I can’t run anymore…maybe…I still have hopes and dreams that cause me to hobble out daily.  Today I went out and walked my old running trail, up to the top of the hill, down to and around the lake before reversing again.  I DID wait until several hours after sunup.  It was colder without the exertion of my running but at least my toes didn’t freeze, my thermal hiking boots made sure of that.  Sounds were still muted, and I still caught snowflakes on my tongue.  The snow was powdery and light, easy to walk in…not good for snowmen or snowball fights but enjoyable to walk in.

A young man riding on his ATV disturbed the silence but was thoughtful enough to stop and ask if would like a ride.  I smiled and thanked him.  I told him I was enjoying my walk too much to spoil it with a ride.  He smiled too before riding on into the white.

If you enjoyed this might like to stop by Don Miller’s writer’s page at https://www.amazon.com/Don-Miller/e/B018IT38G

The picture is from Run-Karla-Run and is credited to Phil Hospod.

SLEEPING PUPPY DOGS

 

I don’t know when God created puppy dogs.  It couldn’t be in the original seven days.  Anything so special would have to have their own special day.  Maybe the eighth day, “and God created puppy dogs.”

I’m watching them sleep.  It’s their sleepy time…something that has increased as they have gotten older.  Twelve their last birthday.  Old in doggy years…even older than me in human years.  They will always be our puppies no matter what age.  Maddie is on her back, paws in motion as she chases her dream rabbit.  Tilly has curled into a not so little ball with a paw warming her nose…as always, her ears are standing at attention.

They amaze me.  Maddie and Tilly are both blind, a problem with the genetics of their litter.  Still, often you would swear they could see…other times they forget they are blind and run into things….  “Oops, knocked your noggin.”  They still know where the persimmon tree is and when a possum is sampling the ripened fruit.  The “girls” lay, patiently waiting, not realizing the possum has exited the tree and has walked away from them.  They bring me little gifts; a mouse, a mole, a snake.  While I appreciate their effort, their time could have been better spent.

Maddie and Tilly have awakened long enough to move outside.  With me following, they zigzag down the narrow path to the rapidly disappearing sunlight.  Stretching out, they allow the beams of the fall sun warm them.  I follow suit and allow the sun and the vision of my puppies to warm me.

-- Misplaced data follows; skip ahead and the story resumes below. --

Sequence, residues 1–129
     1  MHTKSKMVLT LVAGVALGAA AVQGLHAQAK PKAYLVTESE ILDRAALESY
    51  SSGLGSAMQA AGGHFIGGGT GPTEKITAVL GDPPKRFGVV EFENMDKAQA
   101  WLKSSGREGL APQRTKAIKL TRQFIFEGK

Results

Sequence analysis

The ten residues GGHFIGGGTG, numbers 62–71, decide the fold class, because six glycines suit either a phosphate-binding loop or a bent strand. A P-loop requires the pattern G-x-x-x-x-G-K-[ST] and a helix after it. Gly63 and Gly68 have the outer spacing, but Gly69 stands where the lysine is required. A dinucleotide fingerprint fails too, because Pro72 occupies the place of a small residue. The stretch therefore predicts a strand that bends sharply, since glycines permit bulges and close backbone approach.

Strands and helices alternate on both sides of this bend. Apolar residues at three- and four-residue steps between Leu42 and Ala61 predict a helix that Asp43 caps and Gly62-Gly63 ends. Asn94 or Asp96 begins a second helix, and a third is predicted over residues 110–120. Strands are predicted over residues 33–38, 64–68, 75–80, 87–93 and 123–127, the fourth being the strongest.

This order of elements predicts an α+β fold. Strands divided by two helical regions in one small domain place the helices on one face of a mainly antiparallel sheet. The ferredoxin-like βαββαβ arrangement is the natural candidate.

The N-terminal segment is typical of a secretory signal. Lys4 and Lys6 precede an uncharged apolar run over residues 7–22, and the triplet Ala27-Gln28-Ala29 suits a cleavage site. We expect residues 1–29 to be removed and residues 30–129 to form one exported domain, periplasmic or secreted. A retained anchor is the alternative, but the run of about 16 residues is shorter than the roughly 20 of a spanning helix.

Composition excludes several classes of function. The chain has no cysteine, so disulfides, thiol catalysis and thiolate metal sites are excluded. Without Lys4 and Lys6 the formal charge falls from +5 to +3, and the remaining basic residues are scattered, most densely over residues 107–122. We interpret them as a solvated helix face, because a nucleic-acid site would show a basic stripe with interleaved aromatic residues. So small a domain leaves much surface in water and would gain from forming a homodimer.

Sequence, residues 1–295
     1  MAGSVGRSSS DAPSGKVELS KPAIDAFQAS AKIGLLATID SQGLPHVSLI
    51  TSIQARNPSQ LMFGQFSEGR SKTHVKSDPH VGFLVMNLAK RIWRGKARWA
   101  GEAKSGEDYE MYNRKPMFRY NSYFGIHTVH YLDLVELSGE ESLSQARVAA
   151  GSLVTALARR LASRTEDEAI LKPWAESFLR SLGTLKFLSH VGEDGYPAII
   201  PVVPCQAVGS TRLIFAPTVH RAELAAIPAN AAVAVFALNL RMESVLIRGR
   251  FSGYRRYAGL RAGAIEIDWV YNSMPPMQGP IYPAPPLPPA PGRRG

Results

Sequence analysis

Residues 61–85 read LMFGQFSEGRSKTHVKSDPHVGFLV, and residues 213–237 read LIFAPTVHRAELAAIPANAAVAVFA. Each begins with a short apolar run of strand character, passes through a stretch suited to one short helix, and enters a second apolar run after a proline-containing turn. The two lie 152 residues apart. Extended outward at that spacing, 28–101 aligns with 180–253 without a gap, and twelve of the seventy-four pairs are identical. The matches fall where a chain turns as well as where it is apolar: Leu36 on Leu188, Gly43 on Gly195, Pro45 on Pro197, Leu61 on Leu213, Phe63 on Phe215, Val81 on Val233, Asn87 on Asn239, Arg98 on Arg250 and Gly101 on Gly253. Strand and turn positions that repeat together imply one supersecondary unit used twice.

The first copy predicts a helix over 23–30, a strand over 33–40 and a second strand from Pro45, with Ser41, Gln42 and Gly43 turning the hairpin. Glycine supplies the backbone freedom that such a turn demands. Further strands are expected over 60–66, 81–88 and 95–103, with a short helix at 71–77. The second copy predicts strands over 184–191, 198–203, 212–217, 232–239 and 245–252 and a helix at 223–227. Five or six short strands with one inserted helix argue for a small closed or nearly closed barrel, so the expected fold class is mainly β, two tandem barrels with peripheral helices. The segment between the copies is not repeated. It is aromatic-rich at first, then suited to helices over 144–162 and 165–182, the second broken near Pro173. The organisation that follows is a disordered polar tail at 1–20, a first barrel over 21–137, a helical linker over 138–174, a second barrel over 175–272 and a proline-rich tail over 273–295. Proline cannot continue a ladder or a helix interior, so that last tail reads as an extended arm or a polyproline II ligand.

At night, Maddie sleeps at the foot of our bed, Tilly beside Linda Gail…until they change…sometimes crawling under the bed to do so.  If there is reincarnation I want to return as one of Linda Gail’s puppies.  Their love for her knows no bounds.  It is infinite…like mine.  When she leaves to run errands, Tilly sometimes heads for the bedroom and lays down beside the bed, waiting until “Mommie” returns.  Maddie will “lay” guard on the front steps…waiting…barking loudly when she returns, somehow knowing the sound Linda Gail’s car makes.  I don’t bark but I am just as happy when she finds her way back to us.

It’s Thanksgiving.  I find it easy to give thanks for the big things.  Linda Gail, the woman of my dreams that has never been a nightmare.  Ashley, and her husband Justin.  The grandbabies, Miller Kate the monkey and Noland the…Noie.  My brother Steve and his wife Rebecca.  Francis, Linda Gail’s stepmother.  The family at home we are going to visit.  Family in Texas, too far to visit this year.  I give thanks for the memories of people no longer able to gather…thanks that they still gather in my mind.  I’m thankful for friends who have stood by me in good times and bad…and thankful there have been more good times than bad.

The big things are easy, I want to give thanks for the little things.  The sunrise through my French doors as I write.  A red-tailed hawk soaring on a thermal, calling to its mate.  Squirrels trying to make their getaway through a chainlink fence with black walnuts from the yard.  Friday coffee with Hawk.  My early morning walks and my return to find Linda Gail puttering in the kitchen.

I give thanks for two puppies, now older and blind…and other puppies no longer with us.  Thanks for the love and smiles you provide.  The warm memories you have bestowed upon us.  We should all take time to think about and give thanks for the big things in our lives.  I hope we all take a moment to consider the little things that provide joy and love with no strings attached…like blind puppy dogs.  I hope everyone has a thankful and joyful Thanksgiving.

In addition to maintaining his blog, Don Miller is a multi-genre author.  If you enjoyed this post, please stop by and follow his author’s page at http://amazon.com/author/cigarman501.  Thanks for dropping by.